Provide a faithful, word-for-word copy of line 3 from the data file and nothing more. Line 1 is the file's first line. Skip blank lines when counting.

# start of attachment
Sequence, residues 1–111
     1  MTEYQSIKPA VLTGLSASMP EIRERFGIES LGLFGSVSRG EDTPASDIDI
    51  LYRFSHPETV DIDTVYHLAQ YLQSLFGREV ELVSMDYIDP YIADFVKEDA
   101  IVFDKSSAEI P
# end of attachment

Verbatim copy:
    51  LYRFSHPETV DIDTVYHLAQ YLQSLFGREV ELVSMDYIDP YIADFVKEDA